The parish of Stone extends further than most people imagine and incorporates
other settlements such as Shenstone, Mustow Green, Dunclent, Stanklyn and Hoo
Hoo Brook, more recently known as Hoobrook, is to the west and was partly in the foreign of
Kidderminster. Consisting of a cluster of farms, Dunclent lies
half a mile to the north of the village nucleus. Shenstone, quite an extensive
hamlet in itself, is around 1½ miles to the south.
Based around the church and on the
Bromsgrove road, the centre of the village is two miles from
Kidderminster. Enclosed in 1763, the rich soil has endowed the parish with
advantageous agricultural returns and the inhabitants were traditionally engaged
in the cultivation of potatoes, beans, wheat and barley.
The settlement takes its name from the Stone family who succeeded Herlebald as
principal landowners. Walter Stone is recorded in the 13th century as holding half a knight's fee of William de Beauchamp.
Almost certainly through marriage to a member of the Stone family, William Fitz
Warin was later recorded as owner of the manor, though by 1346 the manor had
passed to Thomas Folliott and it remained in this family until the 17th century.
In 1624 Sir John Folliott sold the manor to the merchant Sir William Courteen.
This family later fell into ruin and Stone was sold to Sir James Rushout. A
century later the manor was sold for £6,500 to the
Kidderminster attorney Joseph Cox. His daughter Mary married Stephen
Beckingham and the manor remained in this family's ownership until it passed to
By the 1870's the manor of Stone was owned by James Holcroft of Red Hill House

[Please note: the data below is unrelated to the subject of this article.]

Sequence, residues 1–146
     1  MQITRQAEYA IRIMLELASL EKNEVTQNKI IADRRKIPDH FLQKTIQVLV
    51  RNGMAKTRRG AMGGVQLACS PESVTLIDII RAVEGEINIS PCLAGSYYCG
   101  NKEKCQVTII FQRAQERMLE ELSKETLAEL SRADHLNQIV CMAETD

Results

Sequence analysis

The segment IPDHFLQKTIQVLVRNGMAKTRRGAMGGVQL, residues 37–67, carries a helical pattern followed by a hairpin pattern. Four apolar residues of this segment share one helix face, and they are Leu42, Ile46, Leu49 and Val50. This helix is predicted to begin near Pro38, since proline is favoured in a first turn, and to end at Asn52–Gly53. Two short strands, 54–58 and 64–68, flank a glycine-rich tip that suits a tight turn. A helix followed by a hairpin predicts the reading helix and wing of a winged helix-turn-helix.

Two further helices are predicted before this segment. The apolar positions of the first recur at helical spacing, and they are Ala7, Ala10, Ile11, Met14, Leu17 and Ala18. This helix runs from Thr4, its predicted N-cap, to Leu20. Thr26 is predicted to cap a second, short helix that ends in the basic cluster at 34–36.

Stourbridge and he was succeeded by his brother Charles. A resident of The
Kingswinford, he was created a baronet in 1905 and became lord of the manor
Dunclent was a separate manor and takes its name from the Dunclent
family, lords of the manor during the 13th and 14th centuries. In 1655 the manor
was sold to Thomas Foley and it remained in this family until the 1830's when it
was acquired by the Earl of Dudley.
Shenstone was closely tied with Stone through the ownership by the
aforementioned Richard Folliott and Sir William Courteen.
The name of Mustow Green is thought to derive from the fact that troops were
once mustered on the village green during the English Civil War.
Replacing an older building, the Church of St. Mary was constructed in 1831 and
extended in 1899. The ashlar building is 15th century in style. The west tower
is in two stages with diagonal stepped buttresses, a plain parapet with corner
pinnacles and an octagonal stone spire. In 1832 the belfry was fitted
with six bells, cast by Thomas Mears of London.
The church is noted for its rich stained glass which illustrates
Christ appearing to the disciples by Lake Tiberius. The glass is the work of
Charles Eamer Kempe. Although the church dates from 1831, the chancel was not
added until 1899. The interior features two 17th century brasses in memory of a
former vicar, Will Spicer.
In the grounds of the church stands a pedestal with an elegant urn, the work of
William Hollins in 1863.